Shipping Wasting 4.37 Million Barrels of Oil a Day

Tue Jun 24, 2008 5:14am EDT

* Reuters is not responsible for the content in this press release.

As Saudi Arabia announces a 200,000 barrel a day increase in oil
   production, new research reveals shipping industry wasting 4.37m
 barrels of fuel per day; huge fuel consumption and costs predicted to
               continue to rise without drastic re-think
LONDON--(Business Wire)--
As Saudi Arabia announced a 200,000 barrel increase in oil
production and consumers grapple with record pump prices and fuel
shortages, the shipping industry today consumed 4.37 million barrels
of oil unnecessarily, new research has revealed.

   The figures, from leading maritime technology company DK Group and
backed by United Nations-commissioned research, prove that ships are
wasting the equivalent of more than $140 billion of consumers and
investors money in fuel costs per year and emitting an extra 672
million tonnes of CO2 per year (more than the aviation industry's 600
million tonnes CO2).

   Despite this, the UN body that regulates shipping, the UN body,
the International Maritime Organisation (IMO), refers to current
technology, such as twin propellers, as 'voluntary'.

   The shipping industry consumes 369 million tonnes of bunker fuel
each year, equivalent to 7.29 million barrels a day or 2.66 million
barrels per year - a staggering 8.5% of global oil supplies. According
to research commissioned by the IMO, current 'voluntary' technologies,
including twin propellers and hull design efficiencies could reduce
fuel consumption and oil usage by '30-40%'.

   Last week, one of the world's leading shipping companies admitted
that shipyards were dragging their heels in addressing new
technologies. Tey Yoh Huat, APL's vice president of technical services
admitted: "Shipowners and operators are currently in the spotlight,
facing much more public scrutiny than refiners or
shipyards...shipyards must play their part, too."

   According to Tey, "shipyards can build ships designed for greater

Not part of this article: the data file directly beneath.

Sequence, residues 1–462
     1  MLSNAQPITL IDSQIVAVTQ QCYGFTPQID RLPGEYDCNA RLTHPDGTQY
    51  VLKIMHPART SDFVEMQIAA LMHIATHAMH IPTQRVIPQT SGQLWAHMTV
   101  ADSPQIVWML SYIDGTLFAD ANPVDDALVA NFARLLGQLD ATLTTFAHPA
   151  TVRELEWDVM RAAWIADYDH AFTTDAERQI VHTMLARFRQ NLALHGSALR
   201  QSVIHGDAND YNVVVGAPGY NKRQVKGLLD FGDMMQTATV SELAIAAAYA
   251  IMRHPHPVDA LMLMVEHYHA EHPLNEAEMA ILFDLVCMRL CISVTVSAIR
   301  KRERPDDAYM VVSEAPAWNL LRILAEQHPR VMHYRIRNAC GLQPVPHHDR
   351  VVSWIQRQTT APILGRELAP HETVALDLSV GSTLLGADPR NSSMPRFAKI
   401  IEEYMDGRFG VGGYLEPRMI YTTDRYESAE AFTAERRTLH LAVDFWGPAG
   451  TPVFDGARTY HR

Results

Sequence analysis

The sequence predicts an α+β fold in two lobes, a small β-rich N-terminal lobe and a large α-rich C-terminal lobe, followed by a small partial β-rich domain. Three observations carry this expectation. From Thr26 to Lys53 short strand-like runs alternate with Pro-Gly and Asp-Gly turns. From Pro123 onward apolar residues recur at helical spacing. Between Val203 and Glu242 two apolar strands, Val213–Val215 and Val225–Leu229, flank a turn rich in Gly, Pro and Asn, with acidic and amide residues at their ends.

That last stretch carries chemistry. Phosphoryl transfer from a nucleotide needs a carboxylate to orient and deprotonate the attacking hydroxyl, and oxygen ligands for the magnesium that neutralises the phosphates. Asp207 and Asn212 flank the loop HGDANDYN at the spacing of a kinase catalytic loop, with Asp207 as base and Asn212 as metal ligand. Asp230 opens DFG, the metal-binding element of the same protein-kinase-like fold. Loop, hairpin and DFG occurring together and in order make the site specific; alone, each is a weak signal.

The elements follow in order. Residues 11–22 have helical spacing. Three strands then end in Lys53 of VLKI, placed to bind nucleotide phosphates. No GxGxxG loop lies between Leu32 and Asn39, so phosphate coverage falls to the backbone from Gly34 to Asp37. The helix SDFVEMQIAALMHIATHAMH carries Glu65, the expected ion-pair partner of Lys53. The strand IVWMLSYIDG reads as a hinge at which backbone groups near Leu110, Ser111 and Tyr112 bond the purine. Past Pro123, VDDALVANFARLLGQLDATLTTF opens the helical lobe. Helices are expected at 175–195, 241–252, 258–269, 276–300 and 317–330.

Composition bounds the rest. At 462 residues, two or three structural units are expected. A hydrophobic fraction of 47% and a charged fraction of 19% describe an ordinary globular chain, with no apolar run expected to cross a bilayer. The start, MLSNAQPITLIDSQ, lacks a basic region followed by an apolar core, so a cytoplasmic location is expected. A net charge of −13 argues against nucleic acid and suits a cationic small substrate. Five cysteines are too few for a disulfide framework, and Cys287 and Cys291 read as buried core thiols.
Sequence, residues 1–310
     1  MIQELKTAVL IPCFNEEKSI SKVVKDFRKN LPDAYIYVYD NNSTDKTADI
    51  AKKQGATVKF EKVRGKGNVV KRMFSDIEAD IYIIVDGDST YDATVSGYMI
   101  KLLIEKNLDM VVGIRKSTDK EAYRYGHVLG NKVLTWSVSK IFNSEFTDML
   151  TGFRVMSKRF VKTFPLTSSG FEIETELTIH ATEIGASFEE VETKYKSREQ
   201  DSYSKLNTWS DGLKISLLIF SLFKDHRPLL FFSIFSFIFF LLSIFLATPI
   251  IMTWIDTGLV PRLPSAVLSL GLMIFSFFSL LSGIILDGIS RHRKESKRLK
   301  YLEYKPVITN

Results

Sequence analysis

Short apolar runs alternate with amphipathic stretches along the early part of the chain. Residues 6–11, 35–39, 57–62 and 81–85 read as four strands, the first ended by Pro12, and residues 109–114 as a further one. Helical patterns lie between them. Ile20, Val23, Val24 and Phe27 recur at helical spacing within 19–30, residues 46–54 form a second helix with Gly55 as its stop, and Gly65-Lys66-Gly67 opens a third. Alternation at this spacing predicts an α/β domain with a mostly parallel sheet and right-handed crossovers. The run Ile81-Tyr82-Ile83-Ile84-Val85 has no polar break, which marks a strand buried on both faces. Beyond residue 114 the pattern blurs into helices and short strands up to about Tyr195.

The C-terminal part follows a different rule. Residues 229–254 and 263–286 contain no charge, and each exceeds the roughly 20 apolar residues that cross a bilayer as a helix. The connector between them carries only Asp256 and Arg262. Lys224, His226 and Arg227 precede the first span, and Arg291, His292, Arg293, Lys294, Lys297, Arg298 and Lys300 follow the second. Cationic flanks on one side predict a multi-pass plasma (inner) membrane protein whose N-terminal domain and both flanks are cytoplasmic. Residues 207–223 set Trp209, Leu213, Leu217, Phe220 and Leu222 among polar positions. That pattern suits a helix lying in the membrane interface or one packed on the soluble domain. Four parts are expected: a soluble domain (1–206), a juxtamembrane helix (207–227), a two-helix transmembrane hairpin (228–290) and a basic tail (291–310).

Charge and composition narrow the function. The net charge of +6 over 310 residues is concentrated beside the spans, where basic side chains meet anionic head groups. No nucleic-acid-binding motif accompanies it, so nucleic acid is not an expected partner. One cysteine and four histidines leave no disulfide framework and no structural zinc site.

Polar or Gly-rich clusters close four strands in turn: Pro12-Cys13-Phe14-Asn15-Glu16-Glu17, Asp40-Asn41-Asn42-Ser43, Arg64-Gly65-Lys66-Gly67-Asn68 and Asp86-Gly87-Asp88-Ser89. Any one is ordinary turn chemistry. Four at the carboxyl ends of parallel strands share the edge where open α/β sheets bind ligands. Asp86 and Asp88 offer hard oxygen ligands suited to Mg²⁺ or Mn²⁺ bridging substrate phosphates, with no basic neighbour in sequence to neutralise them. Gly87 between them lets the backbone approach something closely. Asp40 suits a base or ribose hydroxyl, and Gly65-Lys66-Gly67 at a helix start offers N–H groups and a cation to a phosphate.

efficiency and put in engines which burn fuel more efficiently and
pollute less," but fail to take the initiative to do so.

   When technology efficiencies of 30-40% are added to the current
trend for slowing down vessels to reduce fuel consumption then
shipping's fuel wastage is truly exposed, according to DK Group
founder Jorn Winkler.

   "If slow steaming is combined with technologies we will see
drastic reductions that can reach more than 50% in reduced fuel usage
and costs, which equates to 4.37 million barrels a day. When compared
to current ship fuel use levels, it means saving almost half of the
production in Saudi Arabia, which given global demand for oil
represents corporate irresponsibility" said Winkler.

   Referring to the first IMO meeting to discuss greenhouse gases and
global warming, being held this week in Oslo, DK Group CEO Christian
Eyde Moeller added: "The best way IMO can ensure shipping is less
wasteful and more efficient is by creating a new industry standard
that forces ship yards to adjust rapidly to modern technology and
modern design.

   "The IMO should present solutions that makes it understandable and
visible for end users that 'green transportation' and high fuel prices
has a price; shipping has for too long been the elephant in the corner
while consumers and investors pay the prices for its inefficiencies,"
Eyde Moeller concluded.

Jorn P. Winkler
DK Group Netherlands B.V.
Weena 340
3012 NJ Rotterdam
The Netherlands
Email :
Tel : +31 10 213 1845
Fax : +31 10 412 6115.
UK M : + 44 7942 361 389
DK M : + 45 21 62 39 34
Skype: jornpwinkler

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